Both Richardson and Horford were brought in as defensive-minded players who can help bring more pick-and-roll aspects to the Sixers’ half court offense. Those skillsets theoretically bolster a team built around the unique talents of Joel Embiid and Ben Simmons. Simmons and Embiid, for all of their talent, are not natural fits in a pick-and-roll based offense, which is a skillset most teams at least need in their repertoire. “It’s always an adjustment period when you are with a new team,” said Horford, who was the centerpiece of offenses in Boston and Atlanta that relied heavily on ball movement and going from good to great shots.
The challenge for Brett Brown is finding a balance between utilizing what Richardson, Horford, and even Tobias Harris do well, without marginalizing Simmons and Embiid. While both young stars excel defensively, the team likely does not want to ignore their needs, especially when All Star and All-NBA honors are heavily based on offensive statistics.
Joel Embiid is somewhat of a ball-stopper offensively who requires time to create his shots. Many of Embiid’s post moves are deliberate, and very few of his shot attempts are of the catch-and-shoot variety. Ben Simmons is best in transition, playing full court and scoring quickly. His struggles in the half court offense are not a secret. When in a half court setting, Ben may be asked to hide in the dunker’s spot and try to get offensive rebounds. This may frustrate some fans, and it can feel at times as though the team is playing 4 on 5 offensively.
Complement or Conflict?
So different skillsets can either be complementary or conflicting. The team is 23-13, so the panic button may be premature. The playoffs don’t start until April, and the team has proven it can beat the top teams in the Eastern Conference. The team has weapons at many positions and at times feels like it can easily look like an NBA Finals squad. There are other times, like the week since Christmas, where you can envision the team getting upset by a less talented team.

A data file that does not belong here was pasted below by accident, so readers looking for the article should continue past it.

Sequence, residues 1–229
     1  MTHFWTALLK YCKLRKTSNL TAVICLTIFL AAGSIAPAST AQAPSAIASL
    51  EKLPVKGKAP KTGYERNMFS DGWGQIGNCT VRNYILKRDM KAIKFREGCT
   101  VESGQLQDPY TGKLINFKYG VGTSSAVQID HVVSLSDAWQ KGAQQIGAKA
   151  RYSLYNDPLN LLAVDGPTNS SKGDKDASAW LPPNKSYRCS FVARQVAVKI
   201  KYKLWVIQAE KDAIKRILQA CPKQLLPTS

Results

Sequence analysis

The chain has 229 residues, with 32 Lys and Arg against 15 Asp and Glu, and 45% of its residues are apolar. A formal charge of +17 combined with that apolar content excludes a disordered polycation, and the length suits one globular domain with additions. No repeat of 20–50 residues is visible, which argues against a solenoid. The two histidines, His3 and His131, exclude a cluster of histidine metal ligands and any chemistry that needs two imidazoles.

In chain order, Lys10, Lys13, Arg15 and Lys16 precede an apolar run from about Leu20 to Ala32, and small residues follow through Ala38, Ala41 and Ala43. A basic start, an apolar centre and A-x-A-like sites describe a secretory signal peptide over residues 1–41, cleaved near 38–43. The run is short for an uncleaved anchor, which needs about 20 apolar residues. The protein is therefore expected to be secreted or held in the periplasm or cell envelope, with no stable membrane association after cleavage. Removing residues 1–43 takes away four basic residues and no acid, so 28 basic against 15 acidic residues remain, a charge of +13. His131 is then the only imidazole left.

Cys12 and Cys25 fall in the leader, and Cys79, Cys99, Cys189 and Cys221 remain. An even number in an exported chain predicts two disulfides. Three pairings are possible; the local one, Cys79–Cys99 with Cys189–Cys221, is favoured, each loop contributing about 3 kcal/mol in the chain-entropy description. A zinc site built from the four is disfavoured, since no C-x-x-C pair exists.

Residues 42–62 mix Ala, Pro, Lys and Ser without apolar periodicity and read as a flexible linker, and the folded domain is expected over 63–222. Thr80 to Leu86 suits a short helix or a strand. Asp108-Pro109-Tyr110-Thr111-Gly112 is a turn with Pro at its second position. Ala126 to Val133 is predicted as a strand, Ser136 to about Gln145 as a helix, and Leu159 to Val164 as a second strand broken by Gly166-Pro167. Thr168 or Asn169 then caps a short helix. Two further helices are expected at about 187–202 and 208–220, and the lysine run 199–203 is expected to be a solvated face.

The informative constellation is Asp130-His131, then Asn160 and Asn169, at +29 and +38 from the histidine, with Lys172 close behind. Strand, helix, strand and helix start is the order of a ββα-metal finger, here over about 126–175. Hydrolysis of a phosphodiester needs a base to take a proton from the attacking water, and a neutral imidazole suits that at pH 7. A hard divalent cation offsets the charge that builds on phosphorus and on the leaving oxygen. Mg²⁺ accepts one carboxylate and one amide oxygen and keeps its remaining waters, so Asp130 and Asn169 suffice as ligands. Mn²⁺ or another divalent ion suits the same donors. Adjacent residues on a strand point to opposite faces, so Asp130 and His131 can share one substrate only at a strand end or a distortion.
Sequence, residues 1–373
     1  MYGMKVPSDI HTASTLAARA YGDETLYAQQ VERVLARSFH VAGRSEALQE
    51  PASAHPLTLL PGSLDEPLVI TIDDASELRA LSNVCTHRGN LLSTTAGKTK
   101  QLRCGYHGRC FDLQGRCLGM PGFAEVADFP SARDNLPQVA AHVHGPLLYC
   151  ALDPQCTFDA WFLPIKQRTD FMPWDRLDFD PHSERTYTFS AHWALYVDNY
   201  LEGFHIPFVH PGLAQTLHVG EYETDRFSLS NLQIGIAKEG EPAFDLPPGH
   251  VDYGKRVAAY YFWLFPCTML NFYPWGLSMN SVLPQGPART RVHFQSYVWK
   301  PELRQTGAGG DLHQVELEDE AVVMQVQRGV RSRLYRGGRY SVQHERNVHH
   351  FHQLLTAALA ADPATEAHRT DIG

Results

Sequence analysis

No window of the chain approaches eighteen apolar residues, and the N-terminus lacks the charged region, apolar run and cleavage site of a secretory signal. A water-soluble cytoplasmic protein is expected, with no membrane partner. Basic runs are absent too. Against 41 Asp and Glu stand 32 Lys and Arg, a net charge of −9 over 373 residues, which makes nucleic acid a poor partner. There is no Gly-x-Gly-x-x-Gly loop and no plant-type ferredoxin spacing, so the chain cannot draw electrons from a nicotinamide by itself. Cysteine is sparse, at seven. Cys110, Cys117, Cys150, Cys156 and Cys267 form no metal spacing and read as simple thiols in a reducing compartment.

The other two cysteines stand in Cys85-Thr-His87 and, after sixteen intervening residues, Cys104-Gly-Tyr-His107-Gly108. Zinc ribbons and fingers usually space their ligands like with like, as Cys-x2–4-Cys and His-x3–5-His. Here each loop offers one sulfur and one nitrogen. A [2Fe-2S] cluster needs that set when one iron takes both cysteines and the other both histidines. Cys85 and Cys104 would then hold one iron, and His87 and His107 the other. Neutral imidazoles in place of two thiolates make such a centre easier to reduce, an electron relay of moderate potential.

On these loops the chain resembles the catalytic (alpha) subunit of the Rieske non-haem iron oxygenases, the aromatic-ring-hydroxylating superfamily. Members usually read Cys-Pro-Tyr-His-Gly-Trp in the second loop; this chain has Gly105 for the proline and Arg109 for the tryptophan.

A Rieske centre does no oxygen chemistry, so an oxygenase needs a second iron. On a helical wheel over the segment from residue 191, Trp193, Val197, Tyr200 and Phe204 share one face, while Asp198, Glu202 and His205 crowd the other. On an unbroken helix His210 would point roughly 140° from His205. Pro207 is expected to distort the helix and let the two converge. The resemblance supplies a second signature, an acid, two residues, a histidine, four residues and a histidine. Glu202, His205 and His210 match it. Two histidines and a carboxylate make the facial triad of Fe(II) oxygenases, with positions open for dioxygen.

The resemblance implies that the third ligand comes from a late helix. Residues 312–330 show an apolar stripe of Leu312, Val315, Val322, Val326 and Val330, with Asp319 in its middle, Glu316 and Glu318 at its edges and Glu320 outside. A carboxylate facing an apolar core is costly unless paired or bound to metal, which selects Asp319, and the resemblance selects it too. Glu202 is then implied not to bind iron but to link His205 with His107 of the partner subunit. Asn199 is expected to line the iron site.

After a bad loss in Indiana where Horford started, his postgame comments were more about cohesion defensively than anything offensive. He doubled down on that mindset after Thursday’s practice. “I just think that as long as we play how we want to play, which is getting stops and not having to call a play every time, just go out there and play, and play with good pace. I think if we’re able to do that, more often than not, we’ll be fine. The last couple games, we haven’t been getting stops, and so our defense needs to be better.”
Defense remains the heart of this team’s identity. The challenges in half court offense are most problematic when looking at the style of play in the postseason, when possessions become more precious and the pace tends to slow down. Communication on the court will go a long way in helping those half court sets. But arguably even more importantly, communication off the court, as happened this morning, can go a long way in developing that cohesion necessary for success.
Brett Brown speaks with the media following Tuesday’s practice.